Monday, 21 May 2012

Designing Women and Designing Britain

A recent visit to London resulted in an overlap of exhibitions: Designing Women: Postwar British Textiles at the Fashion and Textile Museum and British Design 1948-2012: Innovation in the Modern Age at the Victoria & Albert Museum. Both exhibitions made the case for Britain as a centre of excellence in design in the wake of the Second World War. This was explored further in relation to 'Spaces and Places' in a two day conference at the V&A.

With a background in museums and galleries, I am always interested in the design of an exhibition. The Designing Women exhibition was restrained and simple in its design and layout, allowing the textiles to speak for themselves and have room to breathe. I had encountered many of the designs in books, but nothing compares to seeing them in the flesh, printed on different types of fabrics and reproduced in multiple colour-ways.

The exhibition at the V&A had, not surprisingly, a large budget for design. I know that some people prefer to steer clear of exhibition design which is too striking due to a concern that the design will overpower the displays. My personal response to the British Design exhibition was that the design complemented the objects, creating a unified exhibition which also clearly demarcated the three distinct sections of the exhibition. The project was undertaken by Ben Kelly Design, with graphics by Graphic Thought Facility.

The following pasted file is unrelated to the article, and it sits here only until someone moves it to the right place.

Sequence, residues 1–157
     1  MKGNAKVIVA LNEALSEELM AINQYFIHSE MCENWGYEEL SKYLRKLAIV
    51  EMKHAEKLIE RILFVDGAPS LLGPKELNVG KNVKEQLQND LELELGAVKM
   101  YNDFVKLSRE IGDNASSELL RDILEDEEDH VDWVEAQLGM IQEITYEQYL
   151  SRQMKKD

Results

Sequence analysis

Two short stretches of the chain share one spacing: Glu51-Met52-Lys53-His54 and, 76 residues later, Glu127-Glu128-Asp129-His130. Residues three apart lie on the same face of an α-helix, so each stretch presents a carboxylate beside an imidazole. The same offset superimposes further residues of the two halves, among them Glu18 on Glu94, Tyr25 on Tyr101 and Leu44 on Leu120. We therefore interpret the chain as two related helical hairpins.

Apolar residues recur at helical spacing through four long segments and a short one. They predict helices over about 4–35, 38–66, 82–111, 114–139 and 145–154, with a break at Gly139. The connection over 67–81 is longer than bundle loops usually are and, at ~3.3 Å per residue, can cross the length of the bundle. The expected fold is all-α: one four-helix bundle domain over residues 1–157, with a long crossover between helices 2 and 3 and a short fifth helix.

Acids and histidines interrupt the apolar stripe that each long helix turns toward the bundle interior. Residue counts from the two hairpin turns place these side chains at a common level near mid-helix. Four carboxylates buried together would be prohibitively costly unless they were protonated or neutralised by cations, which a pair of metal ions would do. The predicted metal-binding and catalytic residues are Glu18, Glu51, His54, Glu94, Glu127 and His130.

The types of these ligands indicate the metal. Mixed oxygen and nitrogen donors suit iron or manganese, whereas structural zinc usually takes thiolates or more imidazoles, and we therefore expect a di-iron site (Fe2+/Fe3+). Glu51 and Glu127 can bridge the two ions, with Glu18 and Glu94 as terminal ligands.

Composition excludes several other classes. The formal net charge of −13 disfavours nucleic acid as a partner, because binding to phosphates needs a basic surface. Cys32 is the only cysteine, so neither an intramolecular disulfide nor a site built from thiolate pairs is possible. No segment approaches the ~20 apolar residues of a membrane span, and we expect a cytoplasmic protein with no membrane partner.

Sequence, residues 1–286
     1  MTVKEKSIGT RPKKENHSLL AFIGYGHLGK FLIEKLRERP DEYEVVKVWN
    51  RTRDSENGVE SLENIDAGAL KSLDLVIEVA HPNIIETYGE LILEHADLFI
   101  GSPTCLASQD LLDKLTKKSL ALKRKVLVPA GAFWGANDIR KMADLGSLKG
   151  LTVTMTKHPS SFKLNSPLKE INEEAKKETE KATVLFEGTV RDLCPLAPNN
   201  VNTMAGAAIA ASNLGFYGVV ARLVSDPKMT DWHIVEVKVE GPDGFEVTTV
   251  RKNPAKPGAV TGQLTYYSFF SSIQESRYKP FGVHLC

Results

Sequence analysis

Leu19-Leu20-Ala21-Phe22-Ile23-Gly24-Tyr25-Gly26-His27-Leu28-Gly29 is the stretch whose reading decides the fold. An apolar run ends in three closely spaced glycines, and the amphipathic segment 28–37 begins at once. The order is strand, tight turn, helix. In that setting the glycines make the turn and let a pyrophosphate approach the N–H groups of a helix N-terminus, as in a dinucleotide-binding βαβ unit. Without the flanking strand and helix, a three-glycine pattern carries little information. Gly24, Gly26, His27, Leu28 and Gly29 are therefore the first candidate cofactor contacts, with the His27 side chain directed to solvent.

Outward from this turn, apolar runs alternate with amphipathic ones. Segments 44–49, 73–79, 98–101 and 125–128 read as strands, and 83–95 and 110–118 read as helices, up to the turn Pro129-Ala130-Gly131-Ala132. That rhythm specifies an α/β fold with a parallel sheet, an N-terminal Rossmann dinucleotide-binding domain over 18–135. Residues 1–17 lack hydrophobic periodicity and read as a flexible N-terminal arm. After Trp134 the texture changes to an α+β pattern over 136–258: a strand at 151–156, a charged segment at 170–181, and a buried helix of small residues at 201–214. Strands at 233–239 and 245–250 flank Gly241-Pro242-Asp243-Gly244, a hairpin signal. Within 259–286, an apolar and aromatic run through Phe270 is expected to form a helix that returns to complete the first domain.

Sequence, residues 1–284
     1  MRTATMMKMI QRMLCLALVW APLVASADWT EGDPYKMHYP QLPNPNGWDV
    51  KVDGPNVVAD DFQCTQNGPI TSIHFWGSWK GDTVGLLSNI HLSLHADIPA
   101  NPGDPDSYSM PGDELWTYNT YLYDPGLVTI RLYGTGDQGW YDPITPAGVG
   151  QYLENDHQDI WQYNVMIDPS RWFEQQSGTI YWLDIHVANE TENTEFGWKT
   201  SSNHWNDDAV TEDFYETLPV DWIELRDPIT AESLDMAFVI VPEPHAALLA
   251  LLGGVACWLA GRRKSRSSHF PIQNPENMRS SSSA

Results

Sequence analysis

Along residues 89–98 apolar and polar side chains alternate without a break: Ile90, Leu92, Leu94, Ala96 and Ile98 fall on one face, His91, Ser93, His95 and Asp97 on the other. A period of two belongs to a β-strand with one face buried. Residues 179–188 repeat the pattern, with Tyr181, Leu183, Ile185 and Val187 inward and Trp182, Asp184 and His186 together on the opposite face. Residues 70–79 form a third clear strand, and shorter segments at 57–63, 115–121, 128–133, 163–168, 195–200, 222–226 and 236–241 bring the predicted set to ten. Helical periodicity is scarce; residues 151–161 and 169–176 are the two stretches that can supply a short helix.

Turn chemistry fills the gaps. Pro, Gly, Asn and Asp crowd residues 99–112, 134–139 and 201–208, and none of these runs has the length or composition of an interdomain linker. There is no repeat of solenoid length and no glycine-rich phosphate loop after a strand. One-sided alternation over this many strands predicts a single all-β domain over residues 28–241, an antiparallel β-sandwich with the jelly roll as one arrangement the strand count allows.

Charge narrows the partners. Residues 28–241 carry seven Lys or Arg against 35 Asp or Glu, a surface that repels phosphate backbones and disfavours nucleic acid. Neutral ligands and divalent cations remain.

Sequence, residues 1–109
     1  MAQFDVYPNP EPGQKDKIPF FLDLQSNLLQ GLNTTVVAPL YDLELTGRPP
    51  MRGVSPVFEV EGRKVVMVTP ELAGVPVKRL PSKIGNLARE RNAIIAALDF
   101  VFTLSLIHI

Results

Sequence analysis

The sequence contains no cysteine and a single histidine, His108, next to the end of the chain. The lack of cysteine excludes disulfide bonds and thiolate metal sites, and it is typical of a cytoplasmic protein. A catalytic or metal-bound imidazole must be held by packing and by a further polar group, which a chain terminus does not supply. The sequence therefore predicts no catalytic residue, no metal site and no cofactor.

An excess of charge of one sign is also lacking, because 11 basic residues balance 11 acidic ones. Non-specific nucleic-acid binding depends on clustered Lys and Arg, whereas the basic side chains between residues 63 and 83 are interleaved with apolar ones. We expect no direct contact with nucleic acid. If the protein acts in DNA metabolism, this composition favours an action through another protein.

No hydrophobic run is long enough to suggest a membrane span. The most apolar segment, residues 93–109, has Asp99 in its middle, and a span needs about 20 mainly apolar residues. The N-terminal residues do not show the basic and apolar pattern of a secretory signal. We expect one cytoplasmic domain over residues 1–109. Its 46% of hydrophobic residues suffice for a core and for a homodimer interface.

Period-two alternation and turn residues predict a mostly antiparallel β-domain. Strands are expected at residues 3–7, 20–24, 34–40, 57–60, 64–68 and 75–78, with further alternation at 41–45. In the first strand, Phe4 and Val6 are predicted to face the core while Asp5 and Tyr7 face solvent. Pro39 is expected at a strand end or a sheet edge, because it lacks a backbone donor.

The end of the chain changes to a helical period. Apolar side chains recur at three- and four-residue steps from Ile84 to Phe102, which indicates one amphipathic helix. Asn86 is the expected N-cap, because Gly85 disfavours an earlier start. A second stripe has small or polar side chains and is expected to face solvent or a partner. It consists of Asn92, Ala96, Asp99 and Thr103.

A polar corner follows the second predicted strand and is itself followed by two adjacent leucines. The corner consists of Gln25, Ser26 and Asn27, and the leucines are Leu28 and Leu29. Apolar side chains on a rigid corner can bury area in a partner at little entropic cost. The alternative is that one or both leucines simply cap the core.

Ben Kelly Design

Ben Kelly Design

Ben Kelly Design

One of the speakers at the V&A conference was Christine Lalumia, a former curator at the Geffrye Museum. Her paper concerned the 1965 Living Room at the Geffrye Museum, one of a series of period rooms recreating homes from particular eras. As the curators decided how to put together a 'typical' living room of 1965, they had to consider whether to go for a 'modern' and 'contemporary' style, or a more traditional sitting room.

Living Room, 1965, Geffrye Museum
Lalumia spoke of how this brought up issues about access to, and interest in, modern interior design. The exhibition at the Fashion and Textile Museum displayed wonderful colours and edgy patterns, but how many members of the British public actually wanted to live with them? And how many could afford these textiles, or the cutting edge furniture which accompanied them? As Lalumia stated, many preferred a traditional interior, with older fashioned furniture and knick-knacks on the mantelpiece. Those who did interact with modernism were usually middle class, with an academic background.

To me, this relates to Dovecot activities of the 1950s, during which the so-called 'Contemporary Style' in fabrics and interiors was emerging in exhibitions and magazines. Dovecot hoped to compete within the domestic interior market with smaller, design-led tapestries. The problem was, who would want them? And, how could they compete, wither financially or stylistically, with mass produced textiles? The ultimate answer is that they couldn't. Tapestry suffered from an old-fashioned reputation, associated with the Arts and Crafts. It was also well outside the ordinary person's budget. It was in the 1960s, with the increase in opportunities for large-scale, architectural commissions that Dovecot's tapestries really came into their own.

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